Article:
**Editor’s Note: Although Medicare regularly provides coverage for preventive services given high grades by the U.S. Preventive Services Task Force, it is not required to do so.**
Under the ACA, some preventive services are now required to be covered with no copay by private insurance companies. Special correspondent Dr. Emily Senay reports.
Some of these services include: screenings for HIV, cervical cancer and osteoporosis, as well as counseling for obesity and tobacco use. Some of these services include: screenings for HIV, cervical cancer and osteoporosis, as well as counseling for obesity and tobacco use.
The task force is composed of 16 volunteer and independent physicians and academics, who consider which screening tests are proven to work. The group operated with little notice for nearly three decades, using letter grades to recommend which preventive services doctors should provide and what insurance companies ought to cover.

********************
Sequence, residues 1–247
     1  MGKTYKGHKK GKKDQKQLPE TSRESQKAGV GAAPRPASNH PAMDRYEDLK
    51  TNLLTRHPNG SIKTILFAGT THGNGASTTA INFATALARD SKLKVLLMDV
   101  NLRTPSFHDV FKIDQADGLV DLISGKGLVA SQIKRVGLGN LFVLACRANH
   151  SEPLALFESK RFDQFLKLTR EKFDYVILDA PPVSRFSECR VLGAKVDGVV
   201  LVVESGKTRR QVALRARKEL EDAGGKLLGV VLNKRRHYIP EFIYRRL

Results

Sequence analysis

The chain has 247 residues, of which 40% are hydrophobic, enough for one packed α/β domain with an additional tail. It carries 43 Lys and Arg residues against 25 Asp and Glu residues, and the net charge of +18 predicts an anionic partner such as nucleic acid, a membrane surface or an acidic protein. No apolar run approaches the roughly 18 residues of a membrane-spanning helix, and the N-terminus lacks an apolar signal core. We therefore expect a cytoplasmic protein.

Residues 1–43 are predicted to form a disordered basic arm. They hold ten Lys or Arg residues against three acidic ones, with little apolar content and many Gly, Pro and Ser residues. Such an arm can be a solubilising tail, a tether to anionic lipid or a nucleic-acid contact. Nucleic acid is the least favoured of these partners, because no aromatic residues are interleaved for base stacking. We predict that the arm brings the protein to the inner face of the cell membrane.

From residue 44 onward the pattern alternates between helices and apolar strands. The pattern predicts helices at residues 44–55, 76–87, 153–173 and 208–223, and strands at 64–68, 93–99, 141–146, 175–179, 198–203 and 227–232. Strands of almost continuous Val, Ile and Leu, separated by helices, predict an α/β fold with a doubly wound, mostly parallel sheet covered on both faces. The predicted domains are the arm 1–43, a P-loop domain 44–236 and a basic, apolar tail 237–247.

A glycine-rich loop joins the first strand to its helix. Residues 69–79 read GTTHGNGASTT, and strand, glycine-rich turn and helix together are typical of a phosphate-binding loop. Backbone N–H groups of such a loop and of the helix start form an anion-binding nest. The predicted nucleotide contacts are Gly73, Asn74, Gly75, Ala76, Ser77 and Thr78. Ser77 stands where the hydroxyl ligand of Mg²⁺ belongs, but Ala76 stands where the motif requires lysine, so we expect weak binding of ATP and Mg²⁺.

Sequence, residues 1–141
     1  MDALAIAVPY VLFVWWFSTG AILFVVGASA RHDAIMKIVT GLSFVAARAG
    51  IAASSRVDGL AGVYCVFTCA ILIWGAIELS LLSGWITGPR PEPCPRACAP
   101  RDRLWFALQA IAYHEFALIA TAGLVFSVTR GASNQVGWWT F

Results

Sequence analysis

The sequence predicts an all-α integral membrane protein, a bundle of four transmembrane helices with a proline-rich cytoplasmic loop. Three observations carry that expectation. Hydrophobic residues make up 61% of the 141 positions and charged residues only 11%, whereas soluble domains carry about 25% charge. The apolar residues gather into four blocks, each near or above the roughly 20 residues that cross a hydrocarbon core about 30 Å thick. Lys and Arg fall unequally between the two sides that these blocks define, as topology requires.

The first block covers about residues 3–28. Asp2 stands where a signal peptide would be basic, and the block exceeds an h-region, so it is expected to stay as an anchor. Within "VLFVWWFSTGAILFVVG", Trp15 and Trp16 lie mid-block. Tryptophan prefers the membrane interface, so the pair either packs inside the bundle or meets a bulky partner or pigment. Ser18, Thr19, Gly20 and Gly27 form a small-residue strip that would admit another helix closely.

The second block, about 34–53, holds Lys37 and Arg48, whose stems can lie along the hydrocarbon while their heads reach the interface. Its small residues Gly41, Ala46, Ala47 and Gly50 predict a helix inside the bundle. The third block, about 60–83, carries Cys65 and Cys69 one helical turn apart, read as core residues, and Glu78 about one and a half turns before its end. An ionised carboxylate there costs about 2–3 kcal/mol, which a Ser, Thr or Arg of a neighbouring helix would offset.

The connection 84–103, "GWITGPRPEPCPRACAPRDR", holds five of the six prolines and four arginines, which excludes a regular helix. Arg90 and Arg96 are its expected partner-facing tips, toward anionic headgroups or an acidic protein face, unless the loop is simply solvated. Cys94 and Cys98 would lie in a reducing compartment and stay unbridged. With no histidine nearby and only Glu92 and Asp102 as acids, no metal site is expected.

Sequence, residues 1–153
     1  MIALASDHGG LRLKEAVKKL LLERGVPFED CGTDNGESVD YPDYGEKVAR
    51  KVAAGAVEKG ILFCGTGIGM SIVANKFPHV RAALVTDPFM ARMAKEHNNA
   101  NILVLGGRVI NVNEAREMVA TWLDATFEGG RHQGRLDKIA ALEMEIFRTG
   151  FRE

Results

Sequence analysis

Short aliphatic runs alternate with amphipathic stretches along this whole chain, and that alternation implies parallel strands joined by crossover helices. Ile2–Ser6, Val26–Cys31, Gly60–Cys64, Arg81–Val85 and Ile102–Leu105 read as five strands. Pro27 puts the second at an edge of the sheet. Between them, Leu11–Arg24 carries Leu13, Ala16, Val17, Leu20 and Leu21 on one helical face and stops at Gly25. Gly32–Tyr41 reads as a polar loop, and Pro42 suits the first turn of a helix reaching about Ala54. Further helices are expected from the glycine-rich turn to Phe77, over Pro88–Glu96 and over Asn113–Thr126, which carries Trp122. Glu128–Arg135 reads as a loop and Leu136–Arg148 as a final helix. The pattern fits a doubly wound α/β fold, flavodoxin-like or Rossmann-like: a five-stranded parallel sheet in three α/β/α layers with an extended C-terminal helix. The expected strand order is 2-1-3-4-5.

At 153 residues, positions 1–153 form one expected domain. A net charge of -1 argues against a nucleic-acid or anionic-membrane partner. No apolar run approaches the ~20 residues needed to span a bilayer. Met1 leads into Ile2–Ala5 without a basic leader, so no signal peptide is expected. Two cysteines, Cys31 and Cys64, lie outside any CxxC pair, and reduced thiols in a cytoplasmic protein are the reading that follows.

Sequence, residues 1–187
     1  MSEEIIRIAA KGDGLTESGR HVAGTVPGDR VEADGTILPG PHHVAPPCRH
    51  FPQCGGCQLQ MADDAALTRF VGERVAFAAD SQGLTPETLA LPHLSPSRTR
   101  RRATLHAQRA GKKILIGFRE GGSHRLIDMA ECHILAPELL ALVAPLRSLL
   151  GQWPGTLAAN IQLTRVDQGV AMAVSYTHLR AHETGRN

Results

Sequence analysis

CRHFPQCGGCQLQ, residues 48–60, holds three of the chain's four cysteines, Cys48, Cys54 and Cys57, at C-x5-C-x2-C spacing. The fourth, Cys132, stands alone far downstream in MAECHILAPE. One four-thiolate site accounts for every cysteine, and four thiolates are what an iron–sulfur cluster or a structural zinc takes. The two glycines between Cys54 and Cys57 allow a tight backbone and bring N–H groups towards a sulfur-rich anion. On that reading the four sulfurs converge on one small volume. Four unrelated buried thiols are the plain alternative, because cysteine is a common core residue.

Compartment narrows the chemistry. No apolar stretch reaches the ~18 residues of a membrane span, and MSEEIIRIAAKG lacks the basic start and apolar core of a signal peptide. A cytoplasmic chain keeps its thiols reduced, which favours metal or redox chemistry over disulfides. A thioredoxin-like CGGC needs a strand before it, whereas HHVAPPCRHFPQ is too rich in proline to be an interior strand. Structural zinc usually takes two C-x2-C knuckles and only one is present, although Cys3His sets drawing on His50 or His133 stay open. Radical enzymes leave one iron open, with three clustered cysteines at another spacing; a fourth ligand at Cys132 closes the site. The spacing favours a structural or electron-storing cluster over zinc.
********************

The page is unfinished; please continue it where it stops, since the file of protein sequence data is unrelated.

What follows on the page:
But now because of the new health care law, health care insurance providers are required to cover the out-of-pocket expenses for screenings, medications and immunizations that are given high grades by the task force. Although Medicare regularly provides coverage for many of these services, it is not required to do so.
“A preventive service is something that is intended to keep something bad from happening,” said Dr. Virginia Moyer, chair of the task force.
“What we do as a task force is we carefully evaluate the science that tells us whether a preventive service is going to benefit people.”
The idea behind the new law is providing preventive services from the outset will save lives and health care dollars down the road. However, critics question whether the task force is able to handle its new role, as well as how this new requirement may impact health care costs in the long run.
Medical correspondent Dr. Emily Senay also speaks to a longtime smoker who decided to get her first preventive lung cancer screening test 18 years ago. The task force recently gave a high recommendation to low dose CT scans for lung cancer. If the task force finalizes the grade for this screening, private health insurers will be required by the Affordable Care Act to cover it with no copay.